They further argued that the Clean Power Plan would incentivize billions of dollars of investment in renewable energy, and that “[s]uch a dramatic reallocation of capital resources” is not within the public interest. According to the petitioner’s application to the Court, “a stay would preserve the status quo.”
The Clean Power Plan’s Future in Light of the Supreme Court’s Stay and the Recent Loss of Justice Scalia
In early February, five of the Court’s nine Justices ultimately agreed with the Petitioners’ arguments and granted a stay of the Clean Power Plan. Justices Scalia, Roberts, Thomas, Alito, and Kennedy all voted in favor of issuing a stay, while Justices Ginsberg, Breyer, Sotomayor, and Kagan all voted against the stay.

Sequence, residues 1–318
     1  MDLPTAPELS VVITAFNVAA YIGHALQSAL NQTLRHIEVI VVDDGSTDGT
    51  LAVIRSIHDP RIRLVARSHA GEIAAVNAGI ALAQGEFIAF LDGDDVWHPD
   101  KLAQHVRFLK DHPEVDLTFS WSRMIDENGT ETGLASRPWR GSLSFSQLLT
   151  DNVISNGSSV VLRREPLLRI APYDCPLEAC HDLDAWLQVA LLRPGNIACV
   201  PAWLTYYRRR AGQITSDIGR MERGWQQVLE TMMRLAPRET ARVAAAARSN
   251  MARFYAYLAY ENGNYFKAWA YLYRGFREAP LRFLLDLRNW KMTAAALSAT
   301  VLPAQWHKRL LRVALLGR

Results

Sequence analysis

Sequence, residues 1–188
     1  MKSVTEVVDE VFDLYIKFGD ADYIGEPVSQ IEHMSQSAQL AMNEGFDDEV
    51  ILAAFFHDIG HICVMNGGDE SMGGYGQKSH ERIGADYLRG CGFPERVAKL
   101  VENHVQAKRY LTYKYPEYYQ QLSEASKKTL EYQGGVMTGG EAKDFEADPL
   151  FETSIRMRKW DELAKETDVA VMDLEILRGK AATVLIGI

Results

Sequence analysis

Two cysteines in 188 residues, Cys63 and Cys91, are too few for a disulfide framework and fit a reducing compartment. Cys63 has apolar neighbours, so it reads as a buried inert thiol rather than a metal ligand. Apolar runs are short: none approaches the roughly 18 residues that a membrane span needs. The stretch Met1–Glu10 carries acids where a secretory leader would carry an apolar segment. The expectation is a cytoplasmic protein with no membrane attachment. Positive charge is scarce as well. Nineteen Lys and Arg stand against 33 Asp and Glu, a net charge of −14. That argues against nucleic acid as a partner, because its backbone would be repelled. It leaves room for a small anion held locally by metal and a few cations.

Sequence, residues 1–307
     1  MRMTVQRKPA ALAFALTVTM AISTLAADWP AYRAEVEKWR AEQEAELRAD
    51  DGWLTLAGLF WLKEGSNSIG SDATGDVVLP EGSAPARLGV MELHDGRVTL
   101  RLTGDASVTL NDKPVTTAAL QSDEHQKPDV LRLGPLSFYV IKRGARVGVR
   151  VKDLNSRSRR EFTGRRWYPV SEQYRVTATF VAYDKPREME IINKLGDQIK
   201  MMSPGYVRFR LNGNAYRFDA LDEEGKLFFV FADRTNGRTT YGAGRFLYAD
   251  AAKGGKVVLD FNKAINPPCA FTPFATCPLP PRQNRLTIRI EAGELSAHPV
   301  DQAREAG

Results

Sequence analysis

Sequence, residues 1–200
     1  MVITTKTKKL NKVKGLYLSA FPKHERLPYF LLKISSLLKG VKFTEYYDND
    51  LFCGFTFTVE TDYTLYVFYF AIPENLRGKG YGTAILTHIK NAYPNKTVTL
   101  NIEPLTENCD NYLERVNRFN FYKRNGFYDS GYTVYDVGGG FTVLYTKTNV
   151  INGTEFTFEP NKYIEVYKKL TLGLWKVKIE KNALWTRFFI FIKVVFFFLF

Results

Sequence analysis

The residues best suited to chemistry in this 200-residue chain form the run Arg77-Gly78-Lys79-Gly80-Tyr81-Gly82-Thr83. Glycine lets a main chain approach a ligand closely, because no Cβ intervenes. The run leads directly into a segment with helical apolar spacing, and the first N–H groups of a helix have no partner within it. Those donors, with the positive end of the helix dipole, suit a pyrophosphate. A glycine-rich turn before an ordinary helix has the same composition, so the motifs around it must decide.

This division among the Justices is not surprising. The Court’s four liberal Justices voted against staying the federal emissions regulation, while the Court’s four conservative Justices voted to stay the rule pending its judicial review.
In the days following the Court’s stay, it seemed that the legality of the Clean Power Plan would almost certainly be decided by the Supreme Court. However, following the death of Justice Scalia on February 13, this outcome does not seem quite as certain. Under Court rules, four of the nine Justices must agree to hear a case. If the D.C. Circuit invalidates the Clean Power Plan, the Court’s four liberal Justices are likely to vote to hear the case. However, if the lower court upholds the rule, it is uncertain whether the Court’s four remaining Justices will all vote to hear the case in the absence of Justice Scalia.